College athletics, particularly those with television deals, are extremely lucrative for the National College Athletic Association (NCAA), schools, and athletic directors and coaches. In fact, much of the money is directed to athletic directors and coaches. Athletic directors at most college institutions receive between $200,000 and $1.4 million in annual pay. College football and men’s basketball head coaches make as much as $5.3 million (Nick Saban, University of Alabama football) and $7.3 million (Mike Krzyzewski, Duke University basketball). Ironically, Armen Keteyian and Jeff Benedict, authors of The System: The Glory and Scandal of Big-Time College Football, found that only 22 of the top 120 football programs break even or make a profit. Seemingly, this is due to the fact that the programs feel like they need to “keep up with the Joneses,” as Washington State president Elson Floyd said, by paying out large salaries to top coaches and building new stadiums just to sustain the programs.
Yet, these programs are successful due to the performance of the college athletes, many of whom were recruited at the early ages of 16 to 19 and are, because of their youth, inexperienced and financially dependent on athletic scholarships. Due to strict NCAA rules that prevent any sort of pay making its way to athletes, many athletes survive on the modest meal stipends provided by their teams. A study conducted by Drexel University on college football scholarship receipients found that even those who receive full scholarships did not receive sufficient aid to cover the entire costs of attending college, which left a majority of them below the poverty level. With the NCAA’s revenue of almost $900 million in 2012, it is not unreasonable to assume it can afford to provide athletes with stipends, especially when the NCAA president Mark Emmert made $1.7 million in annual compensation in 2011. Keep in mind, college athletes have very little chance to enter professional leagues and earn the high salaries that come with those careers: only 1.7 percent of college football players make it to the National Football League (NFL) while only 1.2 percent of men and 0.9 percent of women basketball players make it from college to the National Basketball Association (NBA) and Women’s National Basketball Association (WNBA), respectively.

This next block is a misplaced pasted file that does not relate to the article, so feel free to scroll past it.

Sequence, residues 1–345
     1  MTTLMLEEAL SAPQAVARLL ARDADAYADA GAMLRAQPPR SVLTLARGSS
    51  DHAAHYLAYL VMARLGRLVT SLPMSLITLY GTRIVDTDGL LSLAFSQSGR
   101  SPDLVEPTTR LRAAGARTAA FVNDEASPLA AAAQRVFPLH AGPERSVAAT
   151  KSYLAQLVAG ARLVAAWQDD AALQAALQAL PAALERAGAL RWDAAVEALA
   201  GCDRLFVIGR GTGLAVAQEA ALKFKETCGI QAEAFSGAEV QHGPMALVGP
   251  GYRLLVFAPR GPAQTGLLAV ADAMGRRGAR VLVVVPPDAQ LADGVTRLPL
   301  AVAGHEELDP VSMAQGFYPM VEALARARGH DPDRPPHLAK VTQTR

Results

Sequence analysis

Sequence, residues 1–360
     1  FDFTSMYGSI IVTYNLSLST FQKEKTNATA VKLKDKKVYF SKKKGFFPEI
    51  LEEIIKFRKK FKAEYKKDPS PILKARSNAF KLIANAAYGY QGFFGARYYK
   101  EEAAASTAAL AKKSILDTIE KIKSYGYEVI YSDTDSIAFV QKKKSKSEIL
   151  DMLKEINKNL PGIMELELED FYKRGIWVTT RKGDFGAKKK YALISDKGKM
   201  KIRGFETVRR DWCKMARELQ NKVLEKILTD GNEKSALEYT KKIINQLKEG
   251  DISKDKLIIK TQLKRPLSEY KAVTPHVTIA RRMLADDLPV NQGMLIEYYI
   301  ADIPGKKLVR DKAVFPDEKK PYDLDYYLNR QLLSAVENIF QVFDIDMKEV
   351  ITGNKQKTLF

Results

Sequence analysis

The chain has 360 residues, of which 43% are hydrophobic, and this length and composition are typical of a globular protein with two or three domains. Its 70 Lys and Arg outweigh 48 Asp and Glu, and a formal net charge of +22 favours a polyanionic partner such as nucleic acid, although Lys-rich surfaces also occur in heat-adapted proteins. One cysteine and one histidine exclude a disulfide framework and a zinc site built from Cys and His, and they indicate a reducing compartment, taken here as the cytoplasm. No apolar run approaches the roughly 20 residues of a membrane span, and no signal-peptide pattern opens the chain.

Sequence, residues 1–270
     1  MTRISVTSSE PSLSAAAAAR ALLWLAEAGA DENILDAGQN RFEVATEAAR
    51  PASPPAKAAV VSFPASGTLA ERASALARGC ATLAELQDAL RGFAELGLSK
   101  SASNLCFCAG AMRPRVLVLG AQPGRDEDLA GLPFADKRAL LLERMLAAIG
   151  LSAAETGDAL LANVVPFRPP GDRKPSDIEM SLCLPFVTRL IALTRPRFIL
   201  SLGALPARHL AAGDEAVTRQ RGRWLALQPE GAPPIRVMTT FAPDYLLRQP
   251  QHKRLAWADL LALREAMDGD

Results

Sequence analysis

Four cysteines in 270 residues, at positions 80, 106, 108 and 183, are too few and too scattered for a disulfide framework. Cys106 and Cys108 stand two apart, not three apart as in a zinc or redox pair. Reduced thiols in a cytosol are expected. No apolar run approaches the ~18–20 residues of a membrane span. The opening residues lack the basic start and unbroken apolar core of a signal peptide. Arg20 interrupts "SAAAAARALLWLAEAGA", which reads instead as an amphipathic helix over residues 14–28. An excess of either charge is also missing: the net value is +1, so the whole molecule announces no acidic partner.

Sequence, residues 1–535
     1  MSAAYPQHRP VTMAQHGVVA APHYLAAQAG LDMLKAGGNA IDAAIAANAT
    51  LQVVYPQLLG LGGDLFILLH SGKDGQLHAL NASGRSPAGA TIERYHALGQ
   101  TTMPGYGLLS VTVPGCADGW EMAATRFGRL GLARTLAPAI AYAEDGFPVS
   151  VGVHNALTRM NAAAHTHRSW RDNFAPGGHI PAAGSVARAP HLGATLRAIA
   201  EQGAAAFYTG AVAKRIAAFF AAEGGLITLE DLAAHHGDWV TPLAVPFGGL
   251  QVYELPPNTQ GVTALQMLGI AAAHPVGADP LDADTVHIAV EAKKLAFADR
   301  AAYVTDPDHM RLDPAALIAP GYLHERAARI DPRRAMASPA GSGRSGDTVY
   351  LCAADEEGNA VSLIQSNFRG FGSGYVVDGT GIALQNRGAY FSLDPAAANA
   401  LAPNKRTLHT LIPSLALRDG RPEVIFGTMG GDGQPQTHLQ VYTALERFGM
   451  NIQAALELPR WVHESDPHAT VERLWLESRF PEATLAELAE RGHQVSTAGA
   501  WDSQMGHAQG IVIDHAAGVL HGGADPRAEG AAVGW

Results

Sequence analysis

Northwestern University has already announced it will appeal and the NCAA has also harshly criticized the decision. Keteyian responded to NCAA president Mark Emmert’s assertion that players shouldn’t be paid if they expect to have the opportunity to become a professional athlete by stating, “So I think Mark Emmert is in la-la land if he thinks that this is going to continue with the stakes ever increasing, with the national football playoff on the horizon, and there isn’t going to be some sort of job action someday by these athletes in order to get what I believe they deserve, which is a small piece of the pie.” It looks like the NLRB regional director’s decision could mark the beginning of that very effort.